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7. E.

Since 4r and 5r form a straight line, which is 180 degrees, 4r + 5r = 180. When we simplify that

to 9r = 180, we can solve to get r = 20. Therefore 5r = 100, and s – 20 = 100. So we can tell that s = 120. Using those numbers, the equation 2s – r becomes 2(120) – 20, which equals 220. 8. C.

Statement (1) alone lets us find the radius, which can tell us the area of the whole circle, but

we still don’t know what portion of the circle is made up by the shaded region, so we have to eliminate A and D. Statement (2) alone tells us what proportion of the circle is encompassed by the shaded region, but doesn’t tell us the area of the whole circle, so we can eliminate B. Putting the statements together, we have both pieces of information, which we can use to find the area of the shaded region, so statements (1) and (2) are sufficient together, and our answer is C. 9. C.

Statement (1) is tempting, because the figure appears to be a parallelogram, but we don’t

really know that it is without some indication that there are two sets of parallel lines. So statement (1) is actually not sufficient, and we can eliminate A and D. Remembering that we have to take statement (2) alone, it is not sufficient by itself to solve for the value of x, so we eliminate B. Putting both statements together, we have the information we need: If the figure is a parallelogram, then the angles add to 360. If 2y = 100, then 2x = 260 and x = 130. So our answer is C. 10. E.

Statement (1) is not sufficient on its own, since you can never solve for one side of a triangle

given only one other side. Let’s eliminate A and D. Statement (2) is not sufficient for the same reason, so we can eliminate B. Putting the statements together, it appears that we have enough information to solve for the diagonal of the rectangle (also known as hypotenuse of a right triangle) . . . except that we don’t have any indication that the figure is actually a rectangle. So the statements are still not sufficient and the answer is E.

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THE QUANTITATIVE SECTION


CHAPTER 7

Boolean Problems and Combinatorics

d

INTRODUCTION The GMAT contains a variety of logic problems dealing with set theory, number theory, binary categories, and combinatorics. While the technical terms for these categories seem a little daunting, most of the math involved is pretty basic; in fact, using math that is more complicated than necessary is a sure way to waste time and energy on the test.

BOOLEAN PROBLEMS ON THE GMAT Boolean problems are those in which you are asked to determine whether a mathematical expression corresponds to one of two states. These questions could ask whether an expression is $ True or false $ Even or odd $ Positive or negative $ Integer or noninteger Clearly, there’s no way for any value to be both of either of these; x can’t be both even and odd, or positive and negative. That’s why the categories are “binary”; there are two distinct possibilities. To answer this type of question efficiently, there are some rules that you absolutely, positively, must memorize if you haven’t already. Here they are:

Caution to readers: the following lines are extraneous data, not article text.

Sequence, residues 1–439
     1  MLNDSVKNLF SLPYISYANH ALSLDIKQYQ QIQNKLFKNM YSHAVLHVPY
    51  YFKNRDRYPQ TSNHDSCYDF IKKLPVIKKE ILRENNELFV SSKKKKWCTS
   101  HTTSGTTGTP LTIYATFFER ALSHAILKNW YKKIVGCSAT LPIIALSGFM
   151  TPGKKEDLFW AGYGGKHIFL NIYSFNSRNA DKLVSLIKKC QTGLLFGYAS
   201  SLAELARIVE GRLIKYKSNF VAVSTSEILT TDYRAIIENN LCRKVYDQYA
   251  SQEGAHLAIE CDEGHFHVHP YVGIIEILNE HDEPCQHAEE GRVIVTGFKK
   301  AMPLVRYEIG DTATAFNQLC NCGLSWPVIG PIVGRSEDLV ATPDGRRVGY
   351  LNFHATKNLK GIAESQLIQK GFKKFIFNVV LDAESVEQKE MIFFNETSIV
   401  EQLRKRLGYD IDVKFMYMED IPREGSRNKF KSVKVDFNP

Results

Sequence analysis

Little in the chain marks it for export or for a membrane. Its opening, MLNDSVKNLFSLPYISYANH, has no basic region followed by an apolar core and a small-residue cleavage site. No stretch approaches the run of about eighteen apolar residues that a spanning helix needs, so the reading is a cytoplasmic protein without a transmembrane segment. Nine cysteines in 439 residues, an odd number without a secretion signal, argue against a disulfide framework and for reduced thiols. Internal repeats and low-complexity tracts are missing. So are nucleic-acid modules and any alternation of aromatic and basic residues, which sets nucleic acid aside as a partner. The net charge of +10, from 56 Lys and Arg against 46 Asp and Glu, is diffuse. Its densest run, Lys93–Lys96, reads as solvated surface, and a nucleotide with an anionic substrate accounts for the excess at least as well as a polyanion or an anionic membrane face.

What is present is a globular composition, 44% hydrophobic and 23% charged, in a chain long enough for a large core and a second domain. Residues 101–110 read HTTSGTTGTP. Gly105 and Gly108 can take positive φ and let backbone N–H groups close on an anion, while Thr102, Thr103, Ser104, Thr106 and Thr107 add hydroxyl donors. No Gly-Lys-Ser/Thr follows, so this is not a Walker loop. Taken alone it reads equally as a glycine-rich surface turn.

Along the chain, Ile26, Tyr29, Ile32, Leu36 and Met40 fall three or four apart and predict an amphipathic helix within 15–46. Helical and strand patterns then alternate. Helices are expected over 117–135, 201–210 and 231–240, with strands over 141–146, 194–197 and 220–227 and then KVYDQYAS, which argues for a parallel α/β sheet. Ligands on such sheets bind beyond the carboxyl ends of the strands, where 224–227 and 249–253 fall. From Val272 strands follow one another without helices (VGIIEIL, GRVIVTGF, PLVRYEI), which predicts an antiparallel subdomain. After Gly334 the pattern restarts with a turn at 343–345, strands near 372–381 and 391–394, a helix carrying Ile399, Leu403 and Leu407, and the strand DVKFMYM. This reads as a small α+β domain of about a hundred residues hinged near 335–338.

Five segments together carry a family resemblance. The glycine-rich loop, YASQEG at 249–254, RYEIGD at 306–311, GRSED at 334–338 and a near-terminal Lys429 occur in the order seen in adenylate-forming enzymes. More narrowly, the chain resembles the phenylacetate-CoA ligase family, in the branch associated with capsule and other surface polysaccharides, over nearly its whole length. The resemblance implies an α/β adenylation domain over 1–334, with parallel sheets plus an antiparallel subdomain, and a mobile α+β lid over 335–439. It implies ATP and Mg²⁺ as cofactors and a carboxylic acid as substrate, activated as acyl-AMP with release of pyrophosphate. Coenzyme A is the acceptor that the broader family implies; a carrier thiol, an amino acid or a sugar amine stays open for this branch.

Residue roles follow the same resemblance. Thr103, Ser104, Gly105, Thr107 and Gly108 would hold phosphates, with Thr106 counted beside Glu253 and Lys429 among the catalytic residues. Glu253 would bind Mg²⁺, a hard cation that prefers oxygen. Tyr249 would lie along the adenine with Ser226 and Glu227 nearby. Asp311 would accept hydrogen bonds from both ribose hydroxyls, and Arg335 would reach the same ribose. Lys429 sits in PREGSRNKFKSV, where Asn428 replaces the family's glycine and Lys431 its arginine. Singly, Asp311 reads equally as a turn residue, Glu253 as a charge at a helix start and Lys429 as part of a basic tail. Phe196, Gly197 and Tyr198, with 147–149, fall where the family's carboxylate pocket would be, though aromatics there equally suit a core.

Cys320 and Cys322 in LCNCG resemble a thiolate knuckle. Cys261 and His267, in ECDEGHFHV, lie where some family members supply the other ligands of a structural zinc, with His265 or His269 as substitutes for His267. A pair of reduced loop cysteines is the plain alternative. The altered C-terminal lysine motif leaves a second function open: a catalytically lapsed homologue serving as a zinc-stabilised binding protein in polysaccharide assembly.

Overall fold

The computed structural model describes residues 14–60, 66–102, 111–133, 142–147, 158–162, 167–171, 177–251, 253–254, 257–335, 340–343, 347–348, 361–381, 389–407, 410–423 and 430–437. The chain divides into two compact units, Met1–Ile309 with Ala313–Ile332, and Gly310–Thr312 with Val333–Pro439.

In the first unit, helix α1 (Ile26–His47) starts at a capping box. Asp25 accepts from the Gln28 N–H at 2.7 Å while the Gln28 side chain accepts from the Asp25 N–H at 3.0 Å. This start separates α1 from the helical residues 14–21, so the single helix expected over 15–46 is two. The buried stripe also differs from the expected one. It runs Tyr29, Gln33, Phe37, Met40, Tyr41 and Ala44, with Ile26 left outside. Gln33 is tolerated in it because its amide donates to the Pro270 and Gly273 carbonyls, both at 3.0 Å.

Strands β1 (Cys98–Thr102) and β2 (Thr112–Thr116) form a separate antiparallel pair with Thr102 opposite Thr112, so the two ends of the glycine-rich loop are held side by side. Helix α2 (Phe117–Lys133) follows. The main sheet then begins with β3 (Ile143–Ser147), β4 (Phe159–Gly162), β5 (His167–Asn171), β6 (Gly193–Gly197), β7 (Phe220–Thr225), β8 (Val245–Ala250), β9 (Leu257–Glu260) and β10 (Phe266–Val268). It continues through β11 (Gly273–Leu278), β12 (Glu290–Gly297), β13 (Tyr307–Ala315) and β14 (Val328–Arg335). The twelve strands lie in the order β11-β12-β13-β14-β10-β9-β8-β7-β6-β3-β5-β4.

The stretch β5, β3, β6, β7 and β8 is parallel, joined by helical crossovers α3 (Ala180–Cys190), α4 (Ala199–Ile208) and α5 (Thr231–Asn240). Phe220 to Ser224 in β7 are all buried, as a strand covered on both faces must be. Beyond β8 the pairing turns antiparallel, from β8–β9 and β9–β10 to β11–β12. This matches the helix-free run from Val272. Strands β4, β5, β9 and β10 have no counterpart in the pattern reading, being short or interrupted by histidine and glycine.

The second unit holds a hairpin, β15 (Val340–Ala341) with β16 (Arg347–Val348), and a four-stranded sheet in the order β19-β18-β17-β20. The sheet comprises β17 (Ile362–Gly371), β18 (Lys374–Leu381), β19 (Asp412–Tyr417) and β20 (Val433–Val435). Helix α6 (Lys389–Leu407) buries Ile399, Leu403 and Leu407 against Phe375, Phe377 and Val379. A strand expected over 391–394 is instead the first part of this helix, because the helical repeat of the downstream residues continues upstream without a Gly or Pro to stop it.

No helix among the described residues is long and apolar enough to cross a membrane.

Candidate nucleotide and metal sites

Even vs. Odd $ even × even = even

$ even + even = even

$ odd × odd = odd

$ odd + odd = even

$ even × odd = even

$ even + odd = odd

Positive vs. Negative $ positive × positive = positive

$ positive + positive = positive

$ negative × negative = positive

$ negative + negative = negative

$ positive × negative = negative

$ positive + negative = It depends!

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When you add a positive and negative, the one with the larger absolute value (or distance from zero) wins. So if the positive number has the larger absolute value, the result will be positive, and vice versa. Also, remember that subtracting a positive is the same as adding a negative, so if you see a subtraction sign, you can just change it to an addition sign, change the following number into its inverse, and follow the rules above.

Exponents Exponents just continue all of the multiplication rules above. Therefore, assuming you’re dealing with integer exponents . . . $ An odd raised to an exponent continues to yield an odd result, regardless of whether the exponent itself is even or odd: 32 = 9, 33 = 27, 34 = 81, 35 = 243. $ An even raised to an exponent continues to yield an even result, regardless of whether the exponent itself is even or odd: 22 = 4, 23 = 8, 24 = 16, 25 = 32.

1 1 $ Any number raised to an even exponent will be positive: −42 = 16, 32 = 9, − – 2 = –. 2 4